At the same time, Igor Kochetkov, one of the founders of the Russian LGBT Network, wrote that the film breaks “all taboos that can be broken.” He believes that “those who were looking for an encyclopedia of the life of Russian LGBT people didn’t find it in Outlaw and were upset — they themselves are to blame. They simply got the wrong film.”
“A phone call from the top”
Ratushnaya decided to hold Outlaw’s theatrical premiere at the Oktyabr (October) Cinema in Moscow. She had already reached an agreement with its owner, the cinema chain Karo Film, when it was cancelled “for internal reasons,” the director explains. Spokespeople for Karo Film told Meduza that the possibility of premiering the film at the Oktyabr was only discussed, so no one “cancelled” it. In addition, when Outlaw was released in theaters, it was screened at four of the chain’s locations.
The director then decided to have the premiere at the President Hotel — she signed a contract and put down a deposit in advance. Four days before the screening, they called her and said that the hotel was experiencing technical issues and it was unsafe to hold the showing. “What problems, they didn’t know — but they were 100 percent sure that they wouldn’t have time to fix everything,” Ratushnaya recalls. The President Hotel’s event planning department told Meduza that there were technical problems, but refused to clarify what exactly happened.
Rathushnaya then tried the Tretyakov Gallery. The film was added to its program and they started to sell tickets, but the day after the official announcement this screening was cancelled, as well. “They called me back and said that they had received a phone call from the top, but they couldn’t say who, and the screening was canceled. It’s [like] a plot from a Soviet film,” Ratushnaya says. The Tretyakov Gallery’s press service didn’t respond to Meduza’s questions about the cancellation.
In the end, Outlaw had a closed premiere at Moscow’s Pyat Zvyozd (Five Stars) Cinema. According to Ratushnaya, when coordinating the event, the cinema’s management asked her and the producers “to do everything as calmly as possible, so that there aren’t any men in women’s clothing.”
“I interpreted all of this as fear that the government would come to them [the cinema] and punish them for something. Or at the very least a fear that some conservative activists will complain and a strict audit will begin, and that means problems for business. No one wants problems for their business, even hypothetical ones,” Ratushnaya says. “The final decision on showing or cancelling the show is usually made by these reinsurers, and not people who understand what art is and why it’s needed. Nobody believes our film is actually legal.”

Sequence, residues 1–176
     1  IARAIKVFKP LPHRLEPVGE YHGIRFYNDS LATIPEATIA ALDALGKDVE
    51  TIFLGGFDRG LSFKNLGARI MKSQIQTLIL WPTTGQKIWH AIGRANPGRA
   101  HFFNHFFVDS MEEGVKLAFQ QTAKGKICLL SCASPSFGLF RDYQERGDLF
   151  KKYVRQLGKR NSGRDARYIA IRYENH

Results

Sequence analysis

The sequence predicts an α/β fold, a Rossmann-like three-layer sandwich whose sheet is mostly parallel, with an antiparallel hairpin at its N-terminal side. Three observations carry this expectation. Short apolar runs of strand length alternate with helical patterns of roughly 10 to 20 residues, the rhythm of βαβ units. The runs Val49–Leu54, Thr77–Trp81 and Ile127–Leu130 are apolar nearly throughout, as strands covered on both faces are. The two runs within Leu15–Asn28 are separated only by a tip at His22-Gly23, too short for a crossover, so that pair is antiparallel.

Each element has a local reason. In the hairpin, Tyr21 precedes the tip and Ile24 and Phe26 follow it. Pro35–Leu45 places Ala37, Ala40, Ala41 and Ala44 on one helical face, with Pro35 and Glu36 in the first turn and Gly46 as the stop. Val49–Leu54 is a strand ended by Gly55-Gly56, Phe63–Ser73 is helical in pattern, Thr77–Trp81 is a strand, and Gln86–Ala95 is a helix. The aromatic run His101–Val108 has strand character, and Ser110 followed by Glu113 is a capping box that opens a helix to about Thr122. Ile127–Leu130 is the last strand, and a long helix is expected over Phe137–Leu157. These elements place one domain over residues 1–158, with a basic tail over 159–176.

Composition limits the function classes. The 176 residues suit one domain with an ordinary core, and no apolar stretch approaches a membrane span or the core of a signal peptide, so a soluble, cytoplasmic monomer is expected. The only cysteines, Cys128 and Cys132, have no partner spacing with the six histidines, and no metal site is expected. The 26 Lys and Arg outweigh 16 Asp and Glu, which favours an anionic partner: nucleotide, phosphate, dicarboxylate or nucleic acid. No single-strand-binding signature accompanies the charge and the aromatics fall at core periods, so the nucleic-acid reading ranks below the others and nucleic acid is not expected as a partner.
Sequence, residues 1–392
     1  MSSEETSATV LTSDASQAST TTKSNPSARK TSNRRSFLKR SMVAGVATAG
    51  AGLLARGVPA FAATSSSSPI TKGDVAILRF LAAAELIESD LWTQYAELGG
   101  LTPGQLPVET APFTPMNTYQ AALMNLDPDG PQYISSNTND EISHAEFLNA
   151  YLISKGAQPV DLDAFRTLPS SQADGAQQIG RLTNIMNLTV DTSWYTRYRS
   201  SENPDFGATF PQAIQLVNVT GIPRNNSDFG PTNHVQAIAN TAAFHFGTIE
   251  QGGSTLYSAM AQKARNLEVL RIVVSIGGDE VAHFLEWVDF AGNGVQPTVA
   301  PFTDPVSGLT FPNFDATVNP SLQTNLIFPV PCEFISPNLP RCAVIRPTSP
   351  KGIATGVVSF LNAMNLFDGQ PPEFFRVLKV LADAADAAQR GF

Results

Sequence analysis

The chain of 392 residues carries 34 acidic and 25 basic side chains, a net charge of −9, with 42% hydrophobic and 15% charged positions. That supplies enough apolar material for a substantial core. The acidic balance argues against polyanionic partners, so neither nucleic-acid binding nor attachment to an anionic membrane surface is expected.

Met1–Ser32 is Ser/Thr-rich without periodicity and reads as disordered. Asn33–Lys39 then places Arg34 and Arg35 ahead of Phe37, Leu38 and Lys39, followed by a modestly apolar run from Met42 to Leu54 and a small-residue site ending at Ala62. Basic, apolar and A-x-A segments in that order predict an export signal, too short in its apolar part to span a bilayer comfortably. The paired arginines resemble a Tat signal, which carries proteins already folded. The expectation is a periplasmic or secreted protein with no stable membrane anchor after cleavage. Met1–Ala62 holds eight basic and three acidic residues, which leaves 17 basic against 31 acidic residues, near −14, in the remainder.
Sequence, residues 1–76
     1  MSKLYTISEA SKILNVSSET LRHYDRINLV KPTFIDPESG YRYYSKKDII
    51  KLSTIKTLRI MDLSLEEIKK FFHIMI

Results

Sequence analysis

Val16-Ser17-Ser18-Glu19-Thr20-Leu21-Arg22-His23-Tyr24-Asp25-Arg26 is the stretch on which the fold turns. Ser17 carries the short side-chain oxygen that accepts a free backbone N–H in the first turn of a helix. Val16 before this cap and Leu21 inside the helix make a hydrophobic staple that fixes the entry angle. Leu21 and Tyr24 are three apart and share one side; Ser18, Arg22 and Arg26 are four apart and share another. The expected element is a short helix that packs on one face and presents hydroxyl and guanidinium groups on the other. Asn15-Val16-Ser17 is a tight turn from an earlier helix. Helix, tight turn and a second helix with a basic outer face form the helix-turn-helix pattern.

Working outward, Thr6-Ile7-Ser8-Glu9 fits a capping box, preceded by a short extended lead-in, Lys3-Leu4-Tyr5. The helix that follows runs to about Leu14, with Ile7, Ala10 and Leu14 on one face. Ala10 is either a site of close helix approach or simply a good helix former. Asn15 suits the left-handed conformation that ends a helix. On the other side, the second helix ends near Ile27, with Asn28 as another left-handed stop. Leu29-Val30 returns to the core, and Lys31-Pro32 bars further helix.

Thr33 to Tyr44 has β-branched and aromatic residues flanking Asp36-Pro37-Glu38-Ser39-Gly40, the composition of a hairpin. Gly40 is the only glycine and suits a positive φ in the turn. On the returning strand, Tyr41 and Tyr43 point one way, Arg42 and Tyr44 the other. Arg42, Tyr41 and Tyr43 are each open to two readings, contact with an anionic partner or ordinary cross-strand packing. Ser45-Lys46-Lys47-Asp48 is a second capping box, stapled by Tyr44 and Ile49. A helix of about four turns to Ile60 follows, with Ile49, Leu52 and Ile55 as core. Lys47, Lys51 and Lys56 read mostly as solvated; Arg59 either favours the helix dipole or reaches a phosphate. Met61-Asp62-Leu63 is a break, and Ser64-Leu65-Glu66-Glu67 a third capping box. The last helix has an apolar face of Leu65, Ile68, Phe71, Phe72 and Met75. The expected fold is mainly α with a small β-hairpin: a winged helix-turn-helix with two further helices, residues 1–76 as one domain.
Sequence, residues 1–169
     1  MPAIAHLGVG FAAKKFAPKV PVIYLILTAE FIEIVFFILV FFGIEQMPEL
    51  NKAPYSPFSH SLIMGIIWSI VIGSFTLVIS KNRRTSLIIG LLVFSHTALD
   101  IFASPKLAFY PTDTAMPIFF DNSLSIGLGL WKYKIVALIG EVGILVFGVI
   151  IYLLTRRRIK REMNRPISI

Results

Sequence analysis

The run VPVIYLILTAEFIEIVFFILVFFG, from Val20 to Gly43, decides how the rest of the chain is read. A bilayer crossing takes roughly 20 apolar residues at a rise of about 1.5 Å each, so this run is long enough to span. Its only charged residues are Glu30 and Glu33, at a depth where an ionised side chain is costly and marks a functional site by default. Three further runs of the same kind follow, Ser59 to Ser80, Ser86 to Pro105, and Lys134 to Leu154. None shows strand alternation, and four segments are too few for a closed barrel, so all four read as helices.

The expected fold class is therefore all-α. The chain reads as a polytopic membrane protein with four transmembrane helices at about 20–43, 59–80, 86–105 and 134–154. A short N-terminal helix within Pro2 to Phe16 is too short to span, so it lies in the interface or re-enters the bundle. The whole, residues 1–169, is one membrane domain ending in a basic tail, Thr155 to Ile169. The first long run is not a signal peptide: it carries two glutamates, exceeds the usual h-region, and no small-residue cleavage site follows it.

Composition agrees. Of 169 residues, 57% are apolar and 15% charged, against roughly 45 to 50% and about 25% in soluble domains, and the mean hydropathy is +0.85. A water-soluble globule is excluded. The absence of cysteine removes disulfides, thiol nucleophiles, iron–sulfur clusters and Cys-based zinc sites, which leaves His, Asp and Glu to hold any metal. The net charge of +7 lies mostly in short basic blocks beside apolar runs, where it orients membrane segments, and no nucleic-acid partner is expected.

According to distributor Vladislav Pasternak, there’s only about a hundred theaters in Russia that are willing to screen a niche film like Outlaw. When the search for cinemas to screen the film began, he anticipated about 50 venues, but the film has only been shown at 10 movie theaters so far. According to Pasternak, most venues turn the film down for one of two reasons: they’re either afraid of backlash from provocateurs or the authorities, or they don’t think it will make any money. “The scandal definitely scared away the venues, although it [the film] complies with Russian regulations. I think that Outlaw’s release was 80 percent smaller because of this” he says.
Outlaw is currently being shown at six movie theaters in Moscow and four in St. Petersburg. There’s also special screenings going on in Tolyatti (in the Samara region), Veliky Novgorod, and several other Russian cities. There “were no provocations” during these first showings, according to Ratushnaya and Pasternak.
Pasternak told Meduza that Outlaw made 185,000 rubles (about $2,375) during its first weekend at the box office and maintained that it did very well in comparison with the other newly released films that week. “The absolute figure is small, but each particular screening works great. We came out on top two days in a row. All of the theaters are happy that they showed Outlaw.”
Translated and abridged by Eilish Hart